The Swiss banking giant UBS has downgraded the real estate sector in the United Arab Emirates (UAE), the Wall Street Journal reports.
The main drivers for the downgrade are seen as the massive oversupply of properties, expected price falls of up to 70% and prospects of widespread defaults.
Property prices in Dubai have nosedived since September 2008, when the effects of the US-triggered world financial crisis and falling crude prices caught up with the property boom in Persian Gulf sheikhdoms.
The UBS research note, released on Tuesday, goes on to say: "We believe the recent run up in equities with positive global market sentiment, U.A.E. government bailout as a backdrop is unsustainable,… We don't yet see fundamentals improving, hence we view overall systematic risk as mispriced."
With many of the migrant workers and experts leaving the emirates due to rocketing unemployment, exploitation and maltreatment, the UBS report foresees a population drop of up to 10%, further reducing demand for residential properties leading to a sector vacancy rate of up to 30% by the end of 2010.
As a result, the UBS report forecasts the average house price to fall to as much as 500 UAE dirhams ($136.1) per square foot ($1465 per square meter) from a peak of AED1850 ($503.6) in the fourth quarter of 2008.
And the worst may be yet to come, the Swiss investment bank believes. Its note says: "In our view we are still in relatively early stages of the property down cycle in the U.A.E.,… We believe risk-reward profiles are not yet compelling for investors to consider market reentry hence continued price declines are expected."
According to UBS, although property prices have already fallen by an average of 25% to about AED1400 ($381.1) per square foot ($4,102.1 per square meter), the spiral is likely to continue.
"In our view we are still in relatively early stages of the property down cycle in the UAE," the research note said. "We believe risk-reward profiles are not yet compelling for investors to consider market reentry hence continued price declines are expected."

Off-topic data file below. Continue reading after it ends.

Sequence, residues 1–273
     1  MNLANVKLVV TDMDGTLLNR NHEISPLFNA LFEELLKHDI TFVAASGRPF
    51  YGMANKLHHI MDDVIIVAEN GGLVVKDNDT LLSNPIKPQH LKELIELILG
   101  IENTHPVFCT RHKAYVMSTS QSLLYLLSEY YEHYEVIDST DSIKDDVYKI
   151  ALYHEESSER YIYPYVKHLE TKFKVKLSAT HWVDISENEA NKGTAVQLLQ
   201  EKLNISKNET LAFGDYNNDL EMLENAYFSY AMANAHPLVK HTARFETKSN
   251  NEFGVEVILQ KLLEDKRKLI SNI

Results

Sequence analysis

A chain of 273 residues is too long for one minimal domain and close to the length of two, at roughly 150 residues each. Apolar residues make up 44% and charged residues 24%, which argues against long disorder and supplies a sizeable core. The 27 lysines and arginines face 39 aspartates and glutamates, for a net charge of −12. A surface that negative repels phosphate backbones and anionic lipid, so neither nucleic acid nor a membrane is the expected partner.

As a result, although share prices in Emaar Properties, Dubai's Union Properties and Abu Dhabi's Aldar Properties rose by 33%, 40% and 84% respectively over the past month, UBS downgraded Emaar and Union Properties to sell, from neutral rating and Aldar to neutral, from buy.
The property freefall has forced major developers to put the brakes on major projects, in order to survive the current crisis.
The Swiss bank believes that some $300 billion worth of projects, or 60-70%, of new projects have been either delayed or canceled altogether.
The note explains: “With ramping job losses and loan-to-values of various properties rising above 100%, implying negative equity, we believe mortgage default rates will pick up over the coming quarters, potentially in the mid to high single digit range.”
UBS said that Dubai has a total of $112 billion in liabilities, which include a $42 billion cost to finish all residential properties.
Last year, the sheikhdom had an exposure to mortgages equal to about $30 billion, and the Swiss bank forecasts a higher figure next year.
"With ramping job losses and loan-to-values of various properties rising above 100%, implying negative equity, we believe mortgage default rates will pick up over the coming quarters, potentially in the mid to high single digit range," it said.
This follows an earlier statement by UBS which forecast a default of up to $25 billion by investors and home buyers in the emirates for part-completed properties.
In a February 15 interview, the Dubai-based UBS real estate and construction analyst Saud Masud said: “We believe delinquencies on payment terms will be a growing concern over the next few years…. In our view investors are and will continue to default as per individual risk profile.”
source press tv